I must admit I’ve been getting rather bored by Curiosity of late. The images have been on my screen, but they haven’t spoken to me like they always used to. But looking at that little drill bit sent a shiver up my spine, it really did.

We’re going to drill on Mars. On Mars!

šŸ™‚

Note: if you want to know lots of technical details about MSL’s drill, Emily Lakdawalla has written a brilliant piece about it on her blog for the Planetary Society…

And I wrote about how we’re leaving our mark, as a species, on Mars, in a previous post here

 

Who needs a hammer…

…when you have a nuclear-powered, tractor-wheeled, laser-toting monster truck rover to drive over rocks and smash them to bits, like the Hulk with a bad head..?

People often say that one thing the rovers can’t do on Mars is look inside rocks, like a human geologist would do. Well, that’s not always true. Curiosity and Opportunity both have tools they can use to grind or drill a little way beneath the surface of martian rocks, to expose and study the minerals there, but creative driving can turn the rovers into weapons of scientific destruction, breaking open rocks to allow scientists a glimpse of the secrets hiding inside.

Opportunity did this last year, when she found and then drove over “Homestake”, a small exposed vein of the mineral gypsum at the northern end of Cape York…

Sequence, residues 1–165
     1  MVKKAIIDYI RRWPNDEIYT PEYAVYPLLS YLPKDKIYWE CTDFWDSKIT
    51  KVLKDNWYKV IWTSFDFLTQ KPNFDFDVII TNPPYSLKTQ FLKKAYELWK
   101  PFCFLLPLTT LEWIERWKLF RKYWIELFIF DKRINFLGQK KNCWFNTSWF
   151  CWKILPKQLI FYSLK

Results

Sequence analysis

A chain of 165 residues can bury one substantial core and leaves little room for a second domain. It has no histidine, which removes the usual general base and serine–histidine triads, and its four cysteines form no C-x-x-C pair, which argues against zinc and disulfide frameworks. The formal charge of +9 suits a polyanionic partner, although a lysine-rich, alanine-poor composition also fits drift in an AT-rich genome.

before after

HS sparkly 3

Never one to be left out, Curiosity has been doing the same thing, and a couple of sols ago she ran over a rock which promptly shattered, scattering bits of itself in all directions, including one large piece highlighted in the previous post. Take a look at teh scene, with these images I’ve enhanced to bring out detail and texture…

broken rocks 2b

rock b2

Looking forward to more “Hulk! Smash!” action from Curiosity…

A strange and beautiful place…

Yes, we’re back! I am sure some of you thought this blog had closed for business when posts dried up after Christmas, but no, you don’t get rid of us so easily! Apologies for the radio silence, but I was busy with a number of things – work, being ill, writing my blog all about Comets PANSTARRS and ISON – that kept me away.

And, yes, I’ll be perfectly honest, I just got bored with Curiosity and her mission, and was feeling no inspiration to write about it. I know that’s heresy coming from a self-confessed Mars fanatic, but it’s true. I just got sick of seeing the same rocks, the same ledges, the same teeny tiny dust dunes and the same dust scoops and spill. I was feeling like the fantastically exciting exobiological side of the mission was being quietly ignored at best and kicked under the table like a mewling kitten at worst, by people who seem strangely scared by the idea of just looking for life on other planets. That was really hacking me off, I’ll be honest, so I decided to just take a break from writing about Curiosity, and Gale, and come back when things – and the rover – started moving again.

And boy, have they! There was a media briefing this week, at which the MSL science team showed how the rover has found evidence that the area of the floor of Gale Crater across which MSL is currently travelling was once *drenched* in water, which is of course very exciting for the prospects of finding signs of past life here. Yes, I said the L word, so shoot me.